October 25, 2018
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A Blowout Turkish Autumn Meal

Braised lamb, pickled eggplant, spicy knobs of bulgur, and a dessert so good you'll want to memorize the recipe.
Written By Max Falkowitz

What if your job was to travel the world, meet fascinating people, listen to their stories, and cook with them? Where would you go—and what would it take for you to settle down?

Courtesy of Houghton Mifflin Harcourt~RIGHT

For Robyn Eckhardt and Dave Hagerman, your dream job is their daily life. Eckhardt, a food and travel journalist, and her husband Hagerman, a travel photographer, have spent the last 20 years on the road as often as not. Beyond outlets like the New York Times and Wall Street Journal, they’ve recorded their adventures on Eckhardt’s blog and the couple's respective Instagrams, logging meals at local food stalls and home kitchens to tens of thousands of hungry (and jealous) fans.

But even a dream job can make you antsy. And while Eckhardt and Hagerman are still covering food and culture all over the world, last year they decamped from their bustling Malaysian home of two decades to settle down in the Italian countryside. “The slower pace was part of the appeal,” Eckhardt explained over the phone while unpacking boxes with her cats. “And to be closer to Turkey.”

At the time she had just published Istanbul & Beyond, her cookbook and love letter to the regional cuisines of Turkey, and despite the national recent unrest was itching for a return trip. Knowing Eckhardt, it won’t take long to get there.

Most American writing about Turkish food begins and ends at the ancient city. But as Eckhardt notes in the book’s introduction, “although it is only one-thirteenth the size of the U.S., Turkey...is one of the most gastronomically complex countries anywhere.” Istanbul & Beyond reflects Eckhardt’s research across 15,000 miles of the country, including lesser understood regions like Kurdish territories along the border with Iraq and Syria. The book documents the culinary influences from half a dozen cultures along the Silk Road, in many cases for the first time in English.

Herding cows in northeastern Turkey | Photo: David Hagerman~WHOLE

Regardless of where you’re eating in Turkey, autumn is a good time to stay close to the kitchen. Farmers are still bringing fresh produce in from the harvest. Home makers have begun pickling and preserving the local bounty. And fresh cheeses and drying herbs are just about everywhere. With that natural splendor in mind, we’ve put together a menu for an autumn feast that includes everything we want to eat right now.

While some of these dishes require advanced planning, none of them are difficult to replicate at home. And they might even expand your ideas of what Turkish cooking can mean.

Hadi yiyelim (that means let's eat)

Photo: David Hagerman~WHOLE

Çig Köfte (Spicy Bulgur Patties)

While the word köfte refers to ground meat kebabs in Turkish, these little buddies are decidedly meat-free. They're köfte lookalikes made of bulgur mashed with tomato, scallions, tomato and pepper pastes, and spices for a satisfying heat. You can make the bulgur salad in advance and chill it in the fridge, then dollop it onto lettuce leaves just before serving. Get the recipe.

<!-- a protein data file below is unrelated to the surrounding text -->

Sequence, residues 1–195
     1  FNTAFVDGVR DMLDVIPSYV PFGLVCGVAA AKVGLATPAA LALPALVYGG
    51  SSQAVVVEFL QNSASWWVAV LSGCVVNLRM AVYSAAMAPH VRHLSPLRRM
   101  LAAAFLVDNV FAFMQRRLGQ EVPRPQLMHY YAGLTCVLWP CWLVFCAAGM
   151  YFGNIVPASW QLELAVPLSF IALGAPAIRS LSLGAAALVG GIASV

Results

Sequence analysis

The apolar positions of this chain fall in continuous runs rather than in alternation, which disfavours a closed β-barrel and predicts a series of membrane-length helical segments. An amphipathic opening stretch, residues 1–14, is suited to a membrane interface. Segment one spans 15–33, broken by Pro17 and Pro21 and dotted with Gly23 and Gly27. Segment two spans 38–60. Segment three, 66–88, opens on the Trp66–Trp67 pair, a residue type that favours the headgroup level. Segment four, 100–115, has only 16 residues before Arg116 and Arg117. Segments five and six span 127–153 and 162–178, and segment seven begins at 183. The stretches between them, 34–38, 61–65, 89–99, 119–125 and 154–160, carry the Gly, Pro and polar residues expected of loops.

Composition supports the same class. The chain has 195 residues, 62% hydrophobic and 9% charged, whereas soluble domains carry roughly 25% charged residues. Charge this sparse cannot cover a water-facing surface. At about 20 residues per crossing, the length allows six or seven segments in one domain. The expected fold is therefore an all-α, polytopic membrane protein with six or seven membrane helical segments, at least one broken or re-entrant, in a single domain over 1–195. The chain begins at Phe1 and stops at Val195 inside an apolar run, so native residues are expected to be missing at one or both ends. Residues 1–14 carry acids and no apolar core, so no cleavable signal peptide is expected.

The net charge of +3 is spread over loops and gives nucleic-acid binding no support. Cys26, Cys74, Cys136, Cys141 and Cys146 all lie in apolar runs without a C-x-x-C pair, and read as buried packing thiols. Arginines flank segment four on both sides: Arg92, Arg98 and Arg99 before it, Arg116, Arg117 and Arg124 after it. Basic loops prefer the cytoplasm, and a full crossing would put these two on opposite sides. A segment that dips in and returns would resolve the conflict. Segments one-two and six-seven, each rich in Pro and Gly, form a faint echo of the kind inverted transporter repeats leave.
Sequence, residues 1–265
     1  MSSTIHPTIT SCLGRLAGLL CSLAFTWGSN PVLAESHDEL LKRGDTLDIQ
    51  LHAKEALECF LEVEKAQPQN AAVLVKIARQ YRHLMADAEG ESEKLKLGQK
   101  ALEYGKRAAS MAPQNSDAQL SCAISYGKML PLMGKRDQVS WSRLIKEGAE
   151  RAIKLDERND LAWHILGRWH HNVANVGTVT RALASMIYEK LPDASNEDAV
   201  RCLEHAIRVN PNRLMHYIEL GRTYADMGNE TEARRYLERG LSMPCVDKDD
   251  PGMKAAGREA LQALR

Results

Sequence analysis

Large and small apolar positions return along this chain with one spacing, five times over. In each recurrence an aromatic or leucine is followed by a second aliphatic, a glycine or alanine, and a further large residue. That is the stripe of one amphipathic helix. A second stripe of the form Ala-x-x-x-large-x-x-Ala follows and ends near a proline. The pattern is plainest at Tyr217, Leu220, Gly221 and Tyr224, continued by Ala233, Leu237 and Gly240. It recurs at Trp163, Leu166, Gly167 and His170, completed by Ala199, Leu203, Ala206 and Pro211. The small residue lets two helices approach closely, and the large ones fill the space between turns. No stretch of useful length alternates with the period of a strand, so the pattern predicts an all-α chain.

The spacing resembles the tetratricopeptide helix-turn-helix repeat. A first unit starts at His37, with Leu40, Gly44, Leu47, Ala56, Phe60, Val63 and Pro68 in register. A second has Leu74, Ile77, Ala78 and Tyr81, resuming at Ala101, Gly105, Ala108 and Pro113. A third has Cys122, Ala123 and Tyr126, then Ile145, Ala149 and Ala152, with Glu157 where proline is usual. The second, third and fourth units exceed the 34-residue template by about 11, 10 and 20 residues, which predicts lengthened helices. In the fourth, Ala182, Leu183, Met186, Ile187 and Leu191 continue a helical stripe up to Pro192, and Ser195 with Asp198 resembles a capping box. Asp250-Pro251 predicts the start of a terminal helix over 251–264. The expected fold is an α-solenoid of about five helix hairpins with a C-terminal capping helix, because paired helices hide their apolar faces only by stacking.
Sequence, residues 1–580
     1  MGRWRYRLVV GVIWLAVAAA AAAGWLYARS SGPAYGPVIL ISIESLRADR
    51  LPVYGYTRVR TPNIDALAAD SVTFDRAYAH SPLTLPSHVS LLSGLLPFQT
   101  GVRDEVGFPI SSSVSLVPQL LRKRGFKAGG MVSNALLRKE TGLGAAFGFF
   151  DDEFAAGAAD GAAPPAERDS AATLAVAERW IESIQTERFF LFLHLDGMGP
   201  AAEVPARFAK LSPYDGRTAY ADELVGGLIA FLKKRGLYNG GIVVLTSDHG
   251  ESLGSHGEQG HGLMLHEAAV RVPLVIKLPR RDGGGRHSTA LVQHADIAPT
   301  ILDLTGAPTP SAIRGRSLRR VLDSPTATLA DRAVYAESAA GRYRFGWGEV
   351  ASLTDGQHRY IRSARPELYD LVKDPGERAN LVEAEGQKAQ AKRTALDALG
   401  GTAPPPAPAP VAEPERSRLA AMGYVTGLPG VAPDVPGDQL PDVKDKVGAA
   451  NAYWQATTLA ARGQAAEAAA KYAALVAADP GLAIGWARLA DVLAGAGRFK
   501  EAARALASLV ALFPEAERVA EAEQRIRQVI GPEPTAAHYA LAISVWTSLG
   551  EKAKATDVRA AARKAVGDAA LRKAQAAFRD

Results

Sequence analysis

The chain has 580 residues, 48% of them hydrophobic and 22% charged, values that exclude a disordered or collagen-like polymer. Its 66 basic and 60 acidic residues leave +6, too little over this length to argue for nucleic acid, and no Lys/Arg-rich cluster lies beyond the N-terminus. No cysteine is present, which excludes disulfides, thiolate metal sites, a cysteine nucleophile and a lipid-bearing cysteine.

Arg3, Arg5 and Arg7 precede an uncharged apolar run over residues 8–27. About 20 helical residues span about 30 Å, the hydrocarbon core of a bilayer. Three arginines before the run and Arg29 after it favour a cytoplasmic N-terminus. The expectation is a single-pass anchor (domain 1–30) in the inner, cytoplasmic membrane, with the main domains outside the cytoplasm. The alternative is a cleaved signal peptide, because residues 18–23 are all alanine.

Photo: David Hagerman~WHOLE

Içli Patlican Tursusu (Pickled Stuffed Eggplants)

Another appetizer to make in advance when you have a free hour, then keep around for days to slip onto a platter at a moment's notice. Long Asian-style eggplants are the best variety for this pickle, both for the tenderness of their flesh and their shape, which is more conducive to stuffing. Get the recipe.

Photo: David Hagerman~WHOLE

Piti (Turmeric-Scented Lamb and Chickpea Stew)

This hearty stew comes from Kars, a city in the eastern part of the country near the Georgian and Armenian borders. Eckardt suspects the braised lamb and chickpea dish arrived in Turkey with migrants from Azerbaijan, where a similar stew, also called piti, is made with saffron. Regardless of where it comes from, it's deeply satisfying homey fare that's perfect for a slow cooker or pressure cooker. Do take the time to use dried chickpeas instead of canned; they'll add a critical lusciousness to the broth. Get the recipe.

Photo: David Hagerman~WHOLE

Zucchini Dolma with Garlicky Yogurt and Tomato Sauce

Most Turkish feasts involve some kind of stuffed vegetable, and these beef- and bulgur-stuffed zucchini are a great place to start. For one, it'll give you something else to do with that bulgur and pepper paste you just bought for the çig köfte. For another, it comes with a garlic-laden yogurt sauce that you'll want to drizzle over your lamb stew, eggplant, and the flatbread you're about to whip up. Get the recipe.

Photo: David Hagerman~WHOLE

Tirnak Pidesi (Fingerprint Flatbreads)

Turkish bread-baking culture rivals the French and Italians, but that doesn't mean it's difficult to make one of the country's most beloved carbs at home. This pide is a puffy, chewy flatbread you spread out with your fingertips before baking. Serve it warm from the oven to mop up everything. Get the recipe.

Photo: David Hagerman~WHOLE

Incir Uyutmasi (Creamy Fig Pudding)

As soon as you make this pudding, go ahead and save some of it away for breakfast the next day. It's made of just three ingredients: heavy cream, milk, and naturally sweet dried figs; no sugar or starch required. Since the ingredient list is so short, make every item count. Organic cream makes a differences here, and high quality figs are crucial. We love these Afghan sun-dried figs from Ziba, which'll give your pudding all the flavor it needs. Get the recipe.